Talk about a bad trade.
Terri Williams swapped her Interval International timeshare credits for a resort in St. Thomas during hurricane season without purchasing trip insurance. Unfortunately, Hurricane Irma inflicted substantial damage to St. Thomas and the resort she traded for will be closed a while, forcing her to cancel her vacation.
Her case raises several important questions about timeshares, the value of timeshare credits and the importance of insurance. And, unfortunately, it reveals the limits of our ability to advocate for a reader.
After the storm, Williams called Interval to trade for another vacation location. A representative told that she would have to pay a substantial penalty for switching back. She has not been a customer of Interval for long, wasn’t aware of the terms of her contract, and didn’t know all of the circumstances that travel insurance covers.
To be fair, Interval hasn’t been consistent in its answers, either. Williams contacted Interval customer service and initially was told that she would not be charged a fee to rebook. When she called a second time, a representative told her that she could only schedule within a 30-day window and would incur more fees, which was not acceptable to her. Williams wrote a letter to the president of the company to plead her case. When she didn’t receive a response, she reached out to our advocates for help.
“Customer service sent me their response which confirms my greatest fears — late deposit, 30-day booking window, and more fees,” she says. “You are my last hope for getting this rectified. Any help you can give would be greatly appreciated.”
Our advocates reviewed Williams’ contract with the timeshare company, specifically the terms regarding weather-related cancellations. We also confirmed that she did not have travel insurance. She mistakenly thought that travel insurance was for “individuals to purchase if they could not go due to illness, death, etc.” and wasn’t aware that it also covered weather disruptions such as hurricanes.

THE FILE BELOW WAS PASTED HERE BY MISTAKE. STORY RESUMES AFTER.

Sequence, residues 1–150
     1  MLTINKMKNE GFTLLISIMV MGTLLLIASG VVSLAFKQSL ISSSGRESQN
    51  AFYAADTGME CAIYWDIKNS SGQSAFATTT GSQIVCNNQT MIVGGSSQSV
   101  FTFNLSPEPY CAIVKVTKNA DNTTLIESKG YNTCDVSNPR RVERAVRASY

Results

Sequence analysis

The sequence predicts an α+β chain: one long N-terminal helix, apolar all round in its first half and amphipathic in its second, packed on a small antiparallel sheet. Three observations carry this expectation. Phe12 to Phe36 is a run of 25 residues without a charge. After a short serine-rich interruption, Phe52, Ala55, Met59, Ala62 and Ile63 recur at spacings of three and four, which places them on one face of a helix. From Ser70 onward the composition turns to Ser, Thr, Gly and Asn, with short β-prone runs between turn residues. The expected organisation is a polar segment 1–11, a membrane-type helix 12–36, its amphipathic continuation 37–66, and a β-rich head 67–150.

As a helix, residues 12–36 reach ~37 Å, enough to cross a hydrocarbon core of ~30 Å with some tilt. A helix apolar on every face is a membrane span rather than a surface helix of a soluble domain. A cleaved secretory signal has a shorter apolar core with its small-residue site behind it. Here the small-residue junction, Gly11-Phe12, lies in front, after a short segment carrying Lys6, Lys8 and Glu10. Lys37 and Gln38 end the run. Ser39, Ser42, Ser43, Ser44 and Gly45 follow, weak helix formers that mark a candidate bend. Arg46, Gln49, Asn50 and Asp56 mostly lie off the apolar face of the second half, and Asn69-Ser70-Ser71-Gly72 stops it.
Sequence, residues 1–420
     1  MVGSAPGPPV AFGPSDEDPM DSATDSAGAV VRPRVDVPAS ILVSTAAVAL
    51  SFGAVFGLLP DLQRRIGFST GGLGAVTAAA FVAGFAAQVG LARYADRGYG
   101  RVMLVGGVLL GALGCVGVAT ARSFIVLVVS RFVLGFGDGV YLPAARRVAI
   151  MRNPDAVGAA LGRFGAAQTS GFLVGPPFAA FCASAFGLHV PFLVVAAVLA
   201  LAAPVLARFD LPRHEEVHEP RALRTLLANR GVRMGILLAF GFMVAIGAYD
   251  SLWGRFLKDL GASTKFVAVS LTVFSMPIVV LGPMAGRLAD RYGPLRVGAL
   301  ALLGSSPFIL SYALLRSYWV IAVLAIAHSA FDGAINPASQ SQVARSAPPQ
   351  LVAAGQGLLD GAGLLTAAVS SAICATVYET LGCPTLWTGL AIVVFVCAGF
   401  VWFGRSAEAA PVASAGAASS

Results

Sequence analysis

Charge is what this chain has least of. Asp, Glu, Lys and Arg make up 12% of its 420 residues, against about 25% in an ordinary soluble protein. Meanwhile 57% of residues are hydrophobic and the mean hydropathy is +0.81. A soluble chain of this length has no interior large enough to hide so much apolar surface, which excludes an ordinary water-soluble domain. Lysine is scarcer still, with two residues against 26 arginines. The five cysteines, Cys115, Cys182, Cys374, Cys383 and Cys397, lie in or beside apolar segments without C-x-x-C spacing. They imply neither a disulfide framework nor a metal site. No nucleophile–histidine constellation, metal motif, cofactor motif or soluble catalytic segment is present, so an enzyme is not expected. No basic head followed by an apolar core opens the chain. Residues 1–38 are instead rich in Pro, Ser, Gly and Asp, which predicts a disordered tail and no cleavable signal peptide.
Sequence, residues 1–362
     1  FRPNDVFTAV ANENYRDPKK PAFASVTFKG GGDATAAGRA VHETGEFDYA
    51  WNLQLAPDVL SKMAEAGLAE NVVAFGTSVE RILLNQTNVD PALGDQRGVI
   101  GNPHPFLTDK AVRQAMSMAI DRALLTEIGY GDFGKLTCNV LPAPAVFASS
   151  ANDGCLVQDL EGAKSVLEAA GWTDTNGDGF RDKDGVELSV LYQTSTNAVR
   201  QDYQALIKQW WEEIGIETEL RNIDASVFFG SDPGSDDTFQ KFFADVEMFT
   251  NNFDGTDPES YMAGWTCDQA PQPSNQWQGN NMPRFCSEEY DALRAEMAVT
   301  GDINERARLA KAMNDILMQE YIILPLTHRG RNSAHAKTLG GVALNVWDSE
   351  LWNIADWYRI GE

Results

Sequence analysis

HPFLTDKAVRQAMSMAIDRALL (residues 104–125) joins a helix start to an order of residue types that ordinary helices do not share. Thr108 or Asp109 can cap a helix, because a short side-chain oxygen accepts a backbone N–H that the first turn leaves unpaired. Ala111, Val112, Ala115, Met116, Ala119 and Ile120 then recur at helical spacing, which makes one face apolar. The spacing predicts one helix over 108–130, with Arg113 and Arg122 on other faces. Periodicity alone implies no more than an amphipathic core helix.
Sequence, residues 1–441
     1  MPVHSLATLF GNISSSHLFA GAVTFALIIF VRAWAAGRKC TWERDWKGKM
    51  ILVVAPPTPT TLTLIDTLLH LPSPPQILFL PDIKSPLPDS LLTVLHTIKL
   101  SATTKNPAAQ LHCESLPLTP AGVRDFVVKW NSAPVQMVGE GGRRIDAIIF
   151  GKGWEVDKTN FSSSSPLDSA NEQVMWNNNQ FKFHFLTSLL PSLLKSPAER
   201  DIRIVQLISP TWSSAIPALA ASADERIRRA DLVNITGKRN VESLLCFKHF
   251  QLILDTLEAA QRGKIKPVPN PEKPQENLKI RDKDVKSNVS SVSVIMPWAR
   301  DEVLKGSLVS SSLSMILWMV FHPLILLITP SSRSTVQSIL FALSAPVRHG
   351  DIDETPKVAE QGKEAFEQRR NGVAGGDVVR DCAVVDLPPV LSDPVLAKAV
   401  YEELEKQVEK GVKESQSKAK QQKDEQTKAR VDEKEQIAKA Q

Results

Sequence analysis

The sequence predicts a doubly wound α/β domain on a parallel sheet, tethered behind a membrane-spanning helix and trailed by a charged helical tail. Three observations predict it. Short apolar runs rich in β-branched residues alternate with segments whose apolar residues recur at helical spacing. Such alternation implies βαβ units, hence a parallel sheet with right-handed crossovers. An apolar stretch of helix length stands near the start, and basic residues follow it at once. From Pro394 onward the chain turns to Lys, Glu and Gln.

Cancellation insurance is suggested when traveling to areas prone to damage and destruction due to weather. In this case, the insurance terms state:
The providers shall not be liable for any injury, loss, damage, accident, delay, irregularity, or expenses arising from strikes, war, weather, quarantines, sickness, government restrictions or regulations, or from any act or omission of any other services in connection therewith, nor for any additional cost or expense due to disruption or change of advertised schedules, rates, or services, acts of God, or for any other cause beyond their reasonable control.
Based on the terms of this contract, we couldn’t advocate this case. Our advocacy team hopes that this serves as a reminder that travel insurance doesn’t just cover accidents or illnesses—it also covers weather or any other unforeseen reasons for trip cancellation.
Travel insurance is also imperative to fully understand the terms of any contract, particularly those clauses regarding cancellations. Although many travel providers offer some flexibility during unforeseen circumstances, it’s best to have insurance to cover your investment.
And so Williams’ complaint, sadly, goes into the case-dismissed file.